• Seeking advice with a urologist or specialist to discuss and plan for removing obstructing stones is essential. This procedure can significantly reduce the recurrence of UTIs.
  • Patients who cannot use antibiotics for prevention should consult healthcare providers to explore alternative preventive measures, including hygiene enhancements and lifestyle adjustments

Frequently Asked Questions

There are many reasons behind recurrent infections of the urinary tract in adults. Dr. Alka Bhasin, Senior Director – Nephrology, Max Smart Super Speciality Hospital, Saket, gives some questions, which could help you identify the problem and seek immediate medical intervention.

  • Is the urinary microbe the same in each instance or varying?
  • Is the microbe causing the urinary infection truly identified by the laboratory and significant?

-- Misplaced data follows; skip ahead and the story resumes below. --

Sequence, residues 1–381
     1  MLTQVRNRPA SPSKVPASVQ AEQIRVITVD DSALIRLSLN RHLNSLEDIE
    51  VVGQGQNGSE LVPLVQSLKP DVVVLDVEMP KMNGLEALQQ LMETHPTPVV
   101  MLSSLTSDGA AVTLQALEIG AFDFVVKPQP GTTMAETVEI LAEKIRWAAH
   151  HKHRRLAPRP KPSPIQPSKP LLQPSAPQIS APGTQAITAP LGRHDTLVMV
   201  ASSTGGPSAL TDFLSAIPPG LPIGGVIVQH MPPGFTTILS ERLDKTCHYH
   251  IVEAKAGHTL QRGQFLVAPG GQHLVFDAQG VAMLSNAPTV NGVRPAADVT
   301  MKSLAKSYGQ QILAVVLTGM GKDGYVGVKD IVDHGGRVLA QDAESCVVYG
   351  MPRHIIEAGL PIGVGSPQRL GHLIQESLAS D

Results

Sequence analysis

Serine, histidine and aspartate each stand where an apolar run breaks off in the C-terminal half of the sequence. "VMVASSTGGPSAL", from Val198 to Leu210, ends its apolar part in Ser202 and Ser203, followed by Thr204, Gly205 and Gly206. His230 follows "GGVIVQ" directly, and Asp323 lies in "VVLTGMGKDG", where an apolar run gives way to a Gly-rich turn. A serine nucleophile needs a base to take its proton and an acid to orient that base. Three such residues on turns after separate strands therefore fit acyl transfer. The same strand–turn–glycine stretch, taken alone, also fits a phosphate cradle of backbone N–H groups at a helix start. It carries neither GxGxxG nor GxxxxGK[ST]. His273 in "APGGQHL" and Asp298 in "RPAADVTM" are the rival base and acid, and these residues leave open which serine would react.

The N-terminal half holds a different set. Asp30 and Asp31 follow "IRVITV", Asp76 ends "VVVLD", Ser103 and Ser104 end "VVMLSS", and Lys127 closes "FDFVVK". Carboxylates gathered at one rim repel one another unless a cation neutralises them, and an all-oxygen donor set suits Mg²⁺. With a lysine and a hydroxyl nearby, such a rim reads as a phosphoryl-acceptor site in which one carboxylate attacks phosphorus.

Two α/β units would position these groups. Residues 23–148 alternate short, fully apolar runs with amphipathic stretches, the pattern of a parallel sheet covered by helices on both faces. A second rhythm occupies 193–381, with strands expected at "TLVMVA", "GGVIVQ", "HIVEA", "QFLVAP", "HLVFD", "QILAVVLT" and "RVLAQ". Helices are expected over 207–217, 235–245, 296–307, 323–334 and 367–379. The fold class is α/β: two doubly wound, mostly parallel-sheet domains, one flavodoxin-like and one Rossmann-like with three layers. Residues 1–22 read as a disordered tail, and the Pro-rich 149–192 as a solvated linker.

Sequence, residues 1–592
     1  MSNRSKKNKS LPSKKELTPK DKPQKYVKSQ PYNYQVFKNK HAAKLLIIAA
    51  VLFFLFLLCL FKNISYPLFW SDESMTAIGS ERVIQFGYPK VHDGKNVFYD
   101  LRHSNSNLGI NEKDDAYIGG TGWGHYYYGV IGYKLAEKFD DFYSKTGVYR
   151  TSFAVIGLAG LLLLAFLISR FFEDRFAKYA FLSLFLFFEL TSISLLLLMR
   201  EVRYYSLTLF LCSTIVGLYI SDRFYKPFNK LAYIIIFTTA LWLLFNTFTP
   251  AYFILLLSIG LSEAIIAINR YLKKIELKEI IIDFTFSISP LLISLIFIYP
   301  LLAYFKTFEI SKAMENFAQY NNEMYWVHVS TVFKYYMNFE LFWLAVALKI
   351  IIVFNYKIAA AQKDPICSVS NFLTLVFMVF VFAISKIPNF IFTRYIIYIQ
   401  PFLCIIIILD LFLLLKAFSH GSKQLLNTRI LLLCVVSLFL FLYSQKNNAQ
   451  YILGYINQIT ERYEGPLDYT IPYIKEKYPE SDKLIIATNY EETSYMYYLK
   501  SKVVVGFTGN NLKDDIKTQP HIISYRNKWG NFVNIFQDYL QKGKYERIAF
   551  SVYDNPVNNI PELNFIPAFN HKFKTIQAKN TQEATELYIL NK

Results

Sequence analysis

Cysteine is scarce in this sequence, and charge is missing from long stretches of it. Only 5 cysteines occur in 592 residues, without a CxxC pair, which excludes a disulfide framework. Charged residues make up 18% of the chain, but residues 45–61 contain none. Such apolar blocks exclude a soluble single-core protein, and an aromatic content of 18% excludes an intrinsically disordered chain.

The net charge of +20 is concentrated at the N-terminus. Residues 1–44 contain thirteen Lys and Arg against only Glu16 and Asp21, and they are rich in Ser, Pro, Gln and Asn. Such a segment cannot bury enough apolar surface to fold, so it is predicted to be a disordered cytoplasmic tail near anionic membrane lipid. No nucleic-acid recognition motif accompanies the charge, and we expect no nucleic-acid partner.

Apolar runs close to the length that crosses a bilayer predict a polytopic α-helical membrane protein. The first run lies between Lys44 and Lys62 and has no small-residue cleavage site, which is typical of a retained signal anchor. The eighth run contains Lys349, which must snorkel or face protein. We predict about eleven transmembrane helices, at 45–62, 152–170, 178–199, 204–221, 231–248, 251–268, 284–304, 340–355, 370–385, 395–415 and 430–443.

• Is there urinary incontinence? As this can promote infection or be a consequence of the infection.
  • Are there accompanying symptoms of burning in the urine, voiding very frequently, urgency, pain over the kidneys, fever? Are there accompanying pus cells in the urine?
  • Any accompanying visible blood in urine? – This could be due to cystitis, a stone in the urinary system, prostate enlargement, trauma of the urethral passage, sloughed dead tissue passing out from the kidney.